Trump Physician 'Fully Anticipates' President Will be Safe to Attend Public Events by Saturday

White House physician Sean P. Conley on Thursday said he "fully anticipates" that President Donald Trump will be safe to attend public events by the end of this week.

"Since returning home, his physical exam has remained stable and devoid of any indications to suggest progression of illness," Conley wrote in a memorandum. "Overall he's responded extremely well to treatment, without evidence on examination of adverse therapeutic effects."

Trump's physician noted that this Saturday will mark 10 days since the president's Thursday coronavirus diagnosis. "Based on the trajectory of advanced diagnostics the team has been conducting, I fully anticipate the President's safe return to public engagements at that time."

NEW from White House physician tonight: Dr. Conley “fully anticipates” that the president can safely return to public engagements on Saturday. pic.twitter.com/J7qs0esxDP

— Elizabeth Landers (@ElizLanders) October 8, 2020

Trump completed his course of therapy for COVID-19 as prescribed by his team of physicians today.

Conley's latest assessment comes one day after he announced that Trump had started showing "detectable levels" of antibodies.

Newsweek reached out to the White House for additional information.

According to the U.S. Centers for Disease Control and Prevention (CDC), "antibodies most commonly become detectable 1–3 weeks after symptom onset, at which time evidence suggests that infectiousness likely is greatly decreased and that some degree of immunity from future infection has developed."

"The presence of antibodies may decrease a person's infectiousness and offer some level of protection from reinfection," the CDC noted. "However, it remains uncertain to what degree and for how long individuals with antibodies (neutralizing or total) are protected against reinfection with SARS-CoV-2."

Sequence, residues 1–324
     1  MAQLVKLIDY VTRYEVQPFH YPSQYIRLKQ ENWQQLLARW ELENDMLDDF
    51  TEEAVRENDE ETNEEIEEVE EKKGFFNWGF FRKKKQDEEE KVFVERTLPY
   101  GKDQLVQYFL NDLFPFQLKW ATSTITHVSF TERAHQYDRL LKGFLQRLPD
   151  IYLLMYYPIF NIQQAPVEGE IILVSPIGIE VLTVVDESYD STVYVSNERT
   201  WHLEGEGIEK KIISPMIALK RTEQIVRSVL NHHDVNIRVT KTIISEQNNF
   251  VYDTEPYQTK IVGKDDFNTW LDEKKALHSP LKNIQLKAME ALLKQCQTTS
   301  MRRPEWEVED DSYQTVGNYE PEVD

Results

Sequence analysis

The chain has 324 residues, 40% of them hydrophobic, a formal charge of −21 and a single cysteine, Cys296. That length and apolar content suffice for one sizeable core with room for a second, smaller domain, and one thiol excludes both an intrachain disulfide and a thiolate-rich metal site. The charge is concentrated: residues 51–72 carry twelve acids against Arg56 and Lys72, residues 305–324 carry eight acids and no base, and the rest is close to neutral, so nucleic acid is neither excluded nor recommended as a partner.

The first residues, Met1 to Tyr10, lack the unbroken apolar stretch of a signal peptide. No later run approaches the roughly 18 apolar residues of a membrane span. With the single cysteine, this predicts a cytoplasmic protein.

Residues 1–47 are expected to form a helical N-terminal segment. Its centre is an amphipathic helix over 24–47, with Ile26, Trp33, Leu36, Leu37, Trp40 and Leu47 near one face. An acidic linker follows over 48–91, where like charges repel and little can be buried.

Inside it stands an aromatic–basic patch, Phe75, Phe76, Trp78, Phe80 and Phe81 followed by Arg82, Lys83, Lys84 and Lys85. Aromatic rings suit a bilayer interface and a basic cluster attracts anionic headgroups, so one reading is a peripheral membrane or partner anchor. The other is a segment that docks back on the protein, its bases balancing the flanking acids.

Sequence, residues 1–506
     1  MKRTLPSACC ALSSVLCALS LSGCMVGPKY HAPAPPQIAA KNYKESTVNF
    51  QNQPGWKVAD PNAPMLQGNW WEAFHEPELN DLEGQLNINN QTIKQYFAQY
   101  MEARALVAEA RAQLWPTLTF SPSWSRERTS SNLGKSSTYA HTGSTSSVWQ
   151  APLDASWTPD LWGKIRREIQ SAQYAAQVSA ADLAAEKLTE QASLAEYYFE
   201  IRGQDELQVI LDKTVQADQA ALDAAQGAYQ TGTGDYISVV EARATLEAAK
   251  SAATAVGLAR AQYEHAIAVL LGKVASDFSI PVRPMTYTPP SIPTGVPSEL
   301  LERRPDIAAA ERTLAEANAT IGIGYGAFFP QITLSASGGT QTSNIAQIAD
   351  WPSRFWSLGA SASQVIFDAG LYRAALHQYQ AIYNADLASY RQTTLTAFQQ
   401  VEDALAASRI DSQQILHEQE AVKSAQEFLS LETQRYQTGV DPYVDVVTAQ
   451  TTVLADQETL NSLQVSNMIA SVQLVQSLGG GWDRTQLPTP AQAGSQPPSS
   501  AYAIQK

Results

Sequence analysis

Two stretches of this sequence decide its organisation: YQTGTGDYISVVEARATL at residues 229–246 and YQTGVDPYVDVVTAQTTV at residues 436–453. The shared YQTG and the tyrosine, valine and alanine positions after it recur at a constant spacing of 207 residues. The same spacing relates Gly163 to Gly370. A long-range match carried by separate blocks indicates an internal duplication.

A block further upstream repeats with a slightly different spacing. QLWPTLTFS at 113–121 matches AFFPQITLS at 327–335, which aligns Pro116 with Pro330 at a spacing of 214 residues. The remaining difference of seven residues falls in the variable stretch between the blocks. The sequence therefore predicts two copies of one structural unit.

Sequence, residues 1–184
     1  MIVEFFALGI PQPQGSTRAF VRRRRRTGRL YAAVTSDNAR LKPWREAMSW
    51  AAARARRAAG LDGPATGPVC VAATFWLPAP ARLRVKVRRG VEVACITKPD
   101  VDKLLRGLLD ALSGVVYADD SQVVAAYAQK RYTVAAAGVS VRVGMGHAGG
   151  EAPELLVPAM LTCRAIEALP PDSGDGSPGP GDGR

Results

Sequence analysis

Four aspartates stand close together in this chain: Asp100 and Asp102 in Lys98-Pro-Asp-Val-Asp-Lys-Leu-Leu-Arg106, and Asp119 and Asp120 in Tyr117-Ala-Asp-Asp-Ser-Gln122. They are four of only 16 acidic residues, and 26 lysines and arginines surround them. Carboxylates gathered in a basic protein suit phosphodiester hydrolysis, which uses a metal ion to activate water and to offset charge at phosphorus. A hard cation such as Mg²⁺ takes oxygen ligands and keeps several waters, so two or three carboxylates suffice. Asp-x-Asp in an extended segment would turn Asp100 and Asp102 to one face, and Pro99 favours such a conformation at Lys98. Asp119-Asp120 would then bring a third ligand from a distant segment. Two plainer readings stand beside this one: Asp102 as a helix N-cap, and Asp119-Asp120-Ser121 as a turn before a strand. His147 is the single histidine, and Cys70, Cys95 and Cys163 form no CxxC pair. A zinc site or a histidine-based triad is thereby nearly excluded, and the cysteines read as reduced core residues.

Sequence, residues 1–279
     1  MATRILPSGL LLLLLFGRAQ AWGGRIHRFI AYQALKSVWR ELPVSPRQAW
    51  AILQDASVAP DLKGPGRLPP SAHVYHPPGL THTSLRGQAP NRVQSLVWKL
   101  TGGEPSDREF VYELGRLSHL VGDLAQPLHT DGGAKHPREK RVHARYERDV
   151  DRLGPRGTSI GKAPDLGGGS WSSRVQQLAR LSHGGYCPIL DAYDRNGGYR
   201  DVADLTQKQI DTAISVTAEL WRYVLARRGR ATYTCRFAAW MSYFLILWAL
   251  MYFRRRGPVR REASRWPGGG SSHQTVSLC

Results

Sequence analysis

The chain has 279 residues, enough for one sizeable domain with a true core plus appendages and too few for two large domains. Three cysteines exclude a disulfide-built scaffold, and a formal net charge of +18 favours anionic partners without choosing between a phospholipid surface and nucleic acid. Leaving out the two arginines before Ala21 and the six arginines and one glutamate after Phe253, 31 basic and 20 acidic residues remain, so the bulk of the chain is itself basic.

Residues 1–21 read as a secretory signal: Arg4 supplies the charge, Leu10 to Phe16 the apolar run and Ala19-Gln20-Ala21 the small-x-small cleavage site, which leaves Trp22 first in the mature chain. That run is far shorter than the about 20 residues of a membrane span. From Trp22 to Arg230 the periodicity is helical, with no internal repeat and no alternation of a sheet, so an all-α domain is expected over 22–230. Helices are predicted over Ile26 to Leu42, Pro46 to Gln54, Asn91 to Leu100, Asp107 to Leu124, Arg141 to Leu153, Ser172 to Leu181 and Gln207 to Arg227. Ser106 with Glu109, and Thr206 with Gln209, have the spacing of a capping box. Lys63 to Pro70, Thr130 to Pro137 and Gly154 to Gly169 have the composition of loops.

Trump
President Donald Trump removes his mask at the White House after arriving from Walter Reed National Military Medical Center on October 05, 2020 in Washington, DC. Win McNamee/Getty

In a video shared to Twitter on Wednesday, Trump called his COVID infection "a blessing from God."

"This was a blessing in disguise," the president said. "I wasn't feeling so hot, but within a very short period of time, [doctors] gave me regeneron and other things too but I think this was the key. And it was like unbelievable, I felt good immediately."

Regeneron's treatment contains two antibodies that target COVID. REGN-COV2 hasn't been approved by the FDA, however, it's in the third phase of clinical trials.

Trump and first lady Melania Trump both announced their coronavirus infections in the early hours of Friday morning. Soon after, the president was transported to the Walter Reed National Military Medical Center, where he was treated for 3 days before returning to the White House.

On Wednesday, White House Chief of Staff Mark Meadows said the White House had strengthened precautions in preparation for Trump's return to working in the Oval Office.